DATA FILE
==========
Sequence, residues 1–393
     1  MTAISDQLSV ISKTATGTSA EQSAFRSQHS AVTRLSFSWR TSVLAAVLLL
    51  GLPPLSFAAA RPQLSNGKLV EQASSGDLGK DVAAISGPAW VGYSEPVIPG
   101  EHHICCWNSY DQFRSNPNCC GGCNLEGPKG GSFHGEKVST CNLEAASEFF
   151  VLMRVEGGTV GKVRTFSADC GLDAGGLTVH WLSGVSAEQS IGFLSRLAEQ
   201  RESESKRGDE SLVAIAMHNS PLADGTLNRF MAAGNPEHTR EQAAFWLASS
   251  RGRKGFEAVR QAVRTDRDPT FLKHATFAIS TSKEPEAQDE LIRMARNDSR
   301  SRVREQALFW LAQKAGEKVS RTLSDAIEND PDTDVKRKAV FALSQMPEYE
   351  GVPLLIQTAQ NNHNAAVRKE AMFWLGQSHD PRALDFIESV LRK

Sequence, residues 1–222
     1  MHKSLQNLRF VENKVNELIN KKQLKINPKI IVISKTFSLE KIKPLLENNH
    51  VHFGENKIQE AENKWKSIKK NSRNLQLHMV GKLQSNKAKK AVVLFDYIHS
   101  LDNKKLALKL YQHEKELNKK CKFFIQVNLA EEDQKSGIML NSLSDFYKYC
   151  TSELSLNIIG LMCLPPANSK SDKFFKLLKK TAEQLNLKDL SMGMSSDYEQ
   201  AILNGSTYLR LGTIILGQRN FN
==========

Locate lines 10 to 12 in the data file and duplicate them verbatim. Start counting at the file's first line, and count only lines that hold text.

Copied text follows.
Sequence, residues 1–222
     1  MHKSLQNLRF VENKVNELIN KKQLKINPKI IVISKTFSLE KIKPLLENNH
    51  VHFGENKIQE AENKWKSIKK NSRNLQLHMV GKLQSNKAKK AVVLFDYIHS